cloudythinking, originally uploaded by zanzo.
I mentioned in my previous post that Julià Minguillón and I have been throwing around Mike Caulfield’s suggestion that we think about how we might exploit a third party system with a good API such as Delicious.
For a while, I was just thinking it might be used as a social adjunct to the main search indexing, something like the Social Search view on the MACE Portal. But Julià seems prepared to push the idea much further. The following text is his:
We would like to use DSPACE just for storing content, not for browsing or searching. Each piece of content receives a permanent URL that will be used for retrieving it. Let’s suppose we set up a Delicious account which is going to be primarily managed by the “repository gardener.” Every time we add a new resource to the repository in DSPACE we bookmark the URL provided by DSPACE using Delicious and we add all tags there, we do not add tags as metadata fields in DSPACE.
The tags added to the Delicious entry for every piece of content would ideally be a mixture of basic tags, keywords, etc. but it would be interesting to add some tags like “dc.title=”, etc., following the Dublin Core metadata scheme (or in fact, any other scheme such as LOM, or even a mixture of both).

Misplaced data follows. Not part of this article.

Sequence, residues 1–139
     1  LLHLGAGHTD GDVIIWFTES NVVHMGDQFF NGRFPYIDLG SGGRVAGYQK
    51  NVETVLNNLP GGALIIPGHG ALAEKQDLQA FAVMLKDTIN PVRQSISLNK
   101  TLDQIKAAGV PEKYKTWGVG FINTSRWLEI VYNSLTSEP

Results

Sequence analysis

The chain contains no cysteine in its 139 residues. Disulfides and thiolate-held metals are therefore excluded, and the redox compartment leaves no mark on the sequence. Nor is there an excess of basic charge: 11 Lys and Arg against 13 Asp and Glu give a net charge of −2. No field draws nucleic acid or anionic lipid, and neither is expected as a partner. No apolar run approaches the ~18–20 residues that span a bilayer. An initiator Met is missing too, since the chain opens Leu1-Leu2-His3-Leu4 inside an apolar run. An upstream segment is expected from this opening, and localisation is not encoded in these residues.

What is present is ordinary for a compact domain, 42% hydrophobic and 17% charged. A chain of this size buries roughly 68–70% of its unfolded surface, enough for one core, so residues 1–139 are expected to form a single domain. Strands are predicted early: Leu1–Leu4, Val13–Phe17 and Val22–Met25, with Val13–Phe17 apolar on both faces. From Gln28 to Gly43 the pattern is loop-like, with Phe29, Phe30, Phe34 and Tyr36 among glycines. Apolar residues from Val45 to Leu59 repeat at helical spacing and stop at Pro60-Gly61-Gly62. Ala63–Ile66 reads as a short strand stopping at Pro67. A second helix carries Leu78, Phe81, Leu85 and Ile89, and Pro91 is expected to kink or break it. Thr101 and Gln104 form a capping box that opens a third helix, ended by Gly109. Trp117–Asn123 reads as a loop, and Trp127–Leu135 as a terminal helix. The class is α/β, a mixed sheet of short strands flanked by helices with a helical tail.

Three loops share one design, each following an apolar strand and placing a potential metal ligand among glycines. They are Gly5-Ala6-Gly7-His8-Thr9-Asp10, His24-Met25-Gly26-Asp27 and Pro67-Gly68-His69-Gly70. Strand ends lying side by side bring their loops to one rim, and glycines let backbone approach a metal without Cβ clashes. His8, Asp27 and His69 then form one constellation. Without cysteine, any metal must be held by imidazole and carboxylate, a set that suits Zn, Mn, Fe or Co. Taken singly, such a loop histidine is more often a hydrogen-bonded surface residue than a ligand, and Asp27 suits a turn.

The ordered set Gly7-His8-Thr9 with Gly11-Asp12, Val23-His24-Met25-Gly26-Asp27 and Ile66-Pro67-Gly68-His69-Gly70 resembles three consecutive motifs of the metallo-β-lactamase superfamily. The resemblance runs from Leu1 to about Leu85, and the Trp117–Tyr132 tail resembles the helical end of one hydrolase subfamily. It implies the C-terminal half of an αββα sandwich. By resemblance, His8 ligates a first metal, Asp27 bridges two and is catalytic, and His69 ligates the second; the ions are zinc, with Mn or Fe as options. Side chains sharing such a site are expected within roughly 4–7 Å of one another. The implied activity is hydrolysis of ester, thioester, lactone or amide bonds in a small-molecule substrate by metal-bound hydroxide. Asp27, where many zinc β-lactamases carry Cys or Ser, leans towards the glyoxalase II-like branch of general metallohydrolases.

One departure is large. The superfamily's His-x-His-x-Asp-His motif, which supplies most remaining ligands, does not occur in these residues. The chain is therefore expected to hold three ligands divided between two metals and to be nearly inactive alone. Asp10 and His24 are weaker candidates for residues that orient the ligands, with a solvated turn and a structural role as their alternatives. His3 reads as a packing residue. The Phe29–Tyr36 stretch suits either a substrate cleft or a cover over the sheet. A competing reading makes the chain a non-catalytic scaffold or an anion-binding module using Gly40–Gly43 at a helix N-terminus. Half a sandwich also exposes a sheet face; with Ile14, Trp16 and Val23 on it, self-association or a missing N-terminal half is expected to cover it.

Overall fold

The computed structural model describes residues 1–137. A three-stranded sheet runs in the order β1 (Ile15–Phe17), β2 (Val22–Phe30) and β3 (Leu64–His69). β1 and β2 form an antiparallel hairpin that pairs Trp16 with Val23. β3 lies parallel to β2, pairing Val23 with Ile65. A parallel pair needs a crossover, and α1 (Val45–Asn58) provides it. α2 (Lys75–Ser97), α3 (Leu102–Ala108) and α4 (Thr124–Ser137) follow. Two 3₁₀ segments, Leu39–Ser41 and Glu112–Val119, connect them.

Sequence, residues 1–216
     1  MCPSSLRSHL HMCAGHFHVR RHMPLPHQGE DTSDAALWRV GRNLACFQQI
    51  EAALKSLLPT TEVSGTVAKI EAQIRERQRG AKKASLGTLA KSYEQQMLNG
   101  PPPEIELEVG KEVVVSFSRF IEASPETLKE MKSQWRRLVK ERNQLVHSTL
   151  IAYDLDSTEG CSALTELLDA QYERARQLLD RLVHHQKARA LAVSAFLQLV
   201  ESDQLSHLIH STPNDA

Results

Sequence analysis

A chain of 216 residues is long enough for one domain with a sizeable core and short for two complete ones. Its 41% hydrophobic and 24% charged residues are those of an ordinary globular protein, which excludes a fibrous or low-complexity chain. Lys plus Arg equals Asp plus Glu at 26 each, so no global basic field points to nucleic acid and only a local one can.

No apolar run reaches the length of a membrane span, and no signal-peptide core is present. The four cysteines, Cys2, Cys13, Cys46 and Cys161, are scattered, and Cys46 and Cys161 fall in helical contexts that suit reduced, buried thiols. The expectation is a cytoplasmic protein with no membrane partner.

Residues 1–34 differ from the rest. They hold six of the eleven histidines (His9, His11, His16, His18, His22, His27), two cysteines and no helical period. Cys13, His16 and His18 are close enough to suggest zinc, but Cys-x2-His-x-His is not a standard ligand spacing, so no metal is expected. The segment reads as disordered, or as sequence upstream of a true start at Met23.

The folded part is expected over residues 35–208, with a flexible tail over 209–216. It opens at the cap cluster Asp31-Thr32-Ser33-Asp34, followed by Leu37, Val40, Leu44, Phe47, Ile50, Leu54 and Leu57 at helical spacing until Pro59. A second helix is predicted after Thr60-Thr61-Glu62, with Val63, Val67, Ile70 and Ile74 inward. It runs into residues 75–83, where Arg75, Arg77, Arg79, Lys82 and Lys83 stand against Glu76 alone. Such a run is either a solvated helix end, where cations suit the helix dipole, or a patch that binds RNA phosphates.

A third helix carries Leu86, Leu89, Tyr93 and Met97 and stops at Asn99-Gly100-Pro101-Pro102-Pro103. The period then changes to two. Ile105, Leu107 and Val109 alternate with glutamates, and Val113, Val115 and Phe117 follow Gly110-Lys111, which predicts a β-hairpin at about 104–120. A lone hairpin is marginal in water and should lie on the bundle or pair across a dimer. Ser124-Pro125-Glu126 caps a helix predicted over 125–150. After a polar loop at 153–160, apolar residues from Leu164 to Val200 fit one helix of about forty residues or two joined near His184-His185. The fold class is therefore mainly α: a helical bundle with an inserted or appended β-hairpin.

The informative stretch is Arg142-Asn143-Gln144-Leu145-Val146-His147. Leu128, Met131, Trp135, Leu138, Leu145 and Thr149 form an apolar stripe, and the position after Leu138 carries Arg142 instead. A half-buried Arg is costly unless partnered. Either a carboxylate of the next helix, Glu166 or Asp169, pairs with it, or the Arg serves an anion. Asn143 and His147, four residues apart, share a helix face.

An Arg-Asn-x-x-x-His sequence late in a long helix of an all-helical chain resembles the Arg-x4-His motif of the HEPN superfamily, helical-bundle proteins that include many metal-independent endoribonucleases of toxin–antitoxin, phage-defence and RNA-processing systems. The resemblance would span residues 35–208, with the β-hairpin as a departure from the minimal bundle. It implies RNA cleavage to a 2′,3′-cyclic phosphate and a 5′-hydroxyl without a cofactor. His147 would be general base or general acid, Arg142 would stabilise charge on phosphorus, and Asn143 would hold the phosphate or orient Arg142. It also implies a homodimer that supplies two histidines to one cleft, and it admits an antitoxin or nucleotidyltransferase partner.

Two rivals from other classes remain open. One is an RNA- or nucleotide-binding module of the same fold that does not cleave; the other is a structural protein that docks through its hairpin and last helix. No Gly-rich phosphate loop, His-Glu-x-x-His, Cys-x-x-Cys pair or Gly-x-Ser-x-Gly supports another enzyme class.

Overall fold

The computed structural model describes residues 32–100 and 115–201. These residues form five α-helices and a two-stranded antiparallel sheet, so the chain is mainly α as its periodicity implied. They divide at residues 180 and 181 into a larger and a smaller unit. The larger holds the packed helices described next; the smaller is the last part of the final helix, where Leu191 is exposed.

It would be great to use the delicious API to simplify the process of adding such tags, especially those related to metadata fields. Then, once the gardener determines that the tags for one item are complete, he or she could tag it as “validated” or whatever in order to allow another process to retrieve such validated resources from Delicious and automatically import metadata into DSPACE using its API.
In fact, such objects could be automatically tracked using RSS so future changes or updates can be imported into DSPACE easily (mainly new metadata) as long as the gardener “approves” such changes. The basic idea of this thing is to take advantage of all social and web 2.0 tools for building tag clouds, searching (i.e. Director), etc., allowing users to “use” DSPACE within their blogs, learning spaces, etc. without using DSPACE.